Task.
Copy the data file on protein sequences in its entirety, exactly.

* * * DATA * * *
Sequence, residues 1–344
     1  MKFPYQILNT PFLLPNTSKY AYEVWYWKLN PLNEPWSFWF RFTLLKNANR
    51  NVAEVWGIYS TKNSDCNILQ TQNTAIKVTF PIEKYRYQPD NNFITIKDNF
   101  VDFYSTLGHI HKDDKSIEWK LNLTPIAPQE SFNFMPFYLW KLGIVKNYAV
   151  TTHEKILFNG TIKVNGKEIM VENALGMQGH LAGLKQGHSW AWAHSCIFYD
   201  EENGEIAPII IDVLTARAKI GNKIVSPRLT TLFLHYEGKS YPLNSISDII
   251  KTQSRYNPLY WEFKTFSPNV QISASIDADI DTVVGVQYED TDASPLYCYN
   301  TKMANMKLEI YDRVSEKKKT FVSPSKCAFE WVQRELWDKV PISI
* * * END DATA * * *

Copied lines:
Sequence, residues 1–344
     1  MKFPYQILNT PFLLPNTSKY AYEVWYWKLN PLNEPWSFWF RFTLLKNANR
    51  NVAEVWGIYS TKNSDCNILQ TQNTAIKVTF PIEKYRYQPD NNFITIKDNF
   101  VDFYSTLGHI HKDDKSIEWK LNLTPIAPQE SFNFMPFYLW KLGIVKNYAV
   151  TTHEKILFNG TIKVNGKEIM VENALGMQGH LAGLKQGHSW AWAHSCIFYD
   201  EENGEIAPII IDVLTARAKI GNKIVSPRLT TLFLHYEGKS YPLNSISDII
   251  KTQSRYNPLY WEFKTFSPNV QISASIDADI DTVVGVQYED TDASPLYCYN
   301  TKMANMKLEI YDRVSEKKKT FVSPSKCAFE WVQRELWDKV PISI